10 February 2005

Orcas die trapped in ice

Eleven killer whales were declared dead on Wednesday after being trapped between ice floes and concrete blocks on the northern Japanese coast, but one managed to escape badly wounded back into the ocean.

The 12 giant mammals were found trapped in floating ice off the town of Rausu on the Shiretoko Peninsula, about 1 050km northeast of Tokyo, on Monday.

One female whale, though seriously hurt, broke through the ice on Tuesday and returned to the Pacific as the others grew feeble and lifeless.

"We confirmed 11 are dead today," said Satoshi Mizuguchi, an environmental official in the town.

Television footage showed floating bodies of whales with their fins up and tetrapods smeared with blood next to a wall where a message was etched in the snow, "Whales, hold out."

"We had been trying to rescue the whales but it was difficult because ice was clustering too much and the waters were too shallow to send a rescue ship," Mizuguchi told AFP by telephone.

The 4m-female whale "escaped by herself but she's badly wounded", he said.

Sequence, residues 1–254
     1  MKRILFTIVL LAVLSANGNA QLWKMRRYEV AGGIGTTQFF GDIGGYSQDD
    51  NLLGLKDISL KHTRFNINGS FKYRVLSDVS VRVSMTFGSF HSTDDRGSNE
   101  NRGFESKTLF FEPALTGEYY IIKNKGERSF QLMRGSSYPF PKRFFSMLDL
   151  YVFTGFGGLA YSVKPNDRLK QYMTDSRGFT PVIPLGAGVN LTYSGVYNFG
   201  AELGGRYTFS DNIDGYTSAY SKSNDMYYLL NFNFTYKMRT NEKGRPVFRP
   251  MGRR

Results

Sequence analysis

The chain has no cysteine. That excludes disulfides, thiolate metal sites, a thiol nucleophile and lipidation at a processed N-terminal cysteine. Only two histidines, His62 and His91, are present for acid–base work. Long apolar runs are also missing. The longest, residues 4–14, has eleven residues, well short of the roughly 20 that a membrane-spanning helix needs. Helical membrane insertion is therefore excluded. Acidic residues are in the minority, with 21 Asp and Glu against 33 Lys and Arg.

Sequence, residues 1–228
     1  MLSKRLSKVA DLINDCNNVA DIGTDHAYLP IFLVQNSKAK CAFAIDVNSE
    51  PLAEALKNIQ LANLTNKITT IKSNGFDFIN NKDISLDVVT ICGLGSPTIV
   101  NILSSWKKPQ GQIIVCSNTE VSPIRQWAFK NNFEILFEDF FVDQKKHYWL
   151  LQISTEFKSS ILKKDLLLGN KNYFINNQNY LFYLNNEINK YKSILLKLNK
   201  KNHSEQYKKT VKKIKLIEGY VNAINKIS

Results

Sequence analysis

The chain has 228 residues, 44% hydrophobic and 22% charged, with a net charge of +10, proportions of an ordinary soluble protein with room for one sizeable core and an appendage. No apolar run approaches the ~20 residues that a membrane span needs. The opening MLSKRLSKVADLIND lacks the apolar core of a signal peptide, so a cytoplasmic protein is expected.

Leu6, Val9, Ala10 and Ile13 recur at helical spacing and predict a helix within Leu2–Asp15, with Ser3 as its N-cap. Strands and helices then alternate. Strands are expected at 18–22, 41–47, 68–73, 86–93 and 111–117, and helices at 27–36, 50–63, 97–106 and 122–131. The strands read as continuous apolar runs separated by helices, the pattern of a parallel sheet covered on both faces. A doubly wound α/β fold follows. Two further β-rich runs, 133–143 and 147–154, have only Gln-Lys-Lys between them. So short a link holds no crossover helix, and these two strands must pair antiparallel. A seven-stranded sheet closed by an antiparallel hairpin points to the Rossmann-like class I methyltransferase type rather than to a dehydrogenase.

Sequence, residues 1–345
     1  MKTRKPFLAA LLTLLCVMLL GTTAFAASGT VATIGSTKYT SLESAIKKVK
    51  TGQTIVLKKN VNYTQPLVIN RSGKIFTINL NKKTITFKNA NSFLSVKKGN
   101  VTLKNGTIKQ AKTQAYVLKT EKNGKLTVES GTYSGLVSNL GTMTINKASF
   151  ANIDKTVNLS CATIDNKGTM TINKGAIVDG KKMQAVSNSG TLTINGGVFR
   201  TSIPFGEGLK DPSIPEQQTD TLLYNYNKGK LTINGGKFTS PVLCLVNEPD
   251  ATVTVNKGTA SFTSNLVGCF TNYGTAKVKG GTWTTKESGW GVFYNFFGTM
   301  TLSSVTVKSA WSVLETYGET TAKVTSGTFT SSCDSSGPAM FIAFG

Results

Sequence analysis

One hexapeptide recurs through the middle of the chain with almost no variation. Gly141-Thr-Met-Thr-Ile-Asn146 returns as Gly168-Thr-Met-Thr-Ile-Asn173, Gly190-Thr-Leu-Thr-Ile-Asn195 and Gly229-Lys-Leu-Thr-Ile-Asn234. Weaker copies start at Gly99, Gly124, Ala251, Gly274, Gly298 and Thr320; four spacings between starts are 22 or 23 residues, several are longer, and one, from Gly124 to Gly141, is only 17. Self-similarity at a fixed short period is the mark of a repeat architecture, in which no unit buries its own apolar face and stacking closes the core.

"I am a bit worried if she can survive in the ocean."

The town will collect the bodies of the dead whales and hand them over to universities and other institutes for research.

The tragedy was believed to have been caused when low pressure off Shiretoko brought about northern winds which sent the floating ice crashing into the peninsula, trapping the whales.

Killer whales, also called orcas, can live for up to 80 years and grow to nine tons.

They can swim in families at more than 50km/h and are at the top of the ocean food chain, preying on other animals including seals, turtles and even lesser whales and dolphins.

Japan has been at odds with much of the international community over its insistence on hunting whales, whose meat is traditionally eaten here, but the main whales killed are of the smaller Minke variety.


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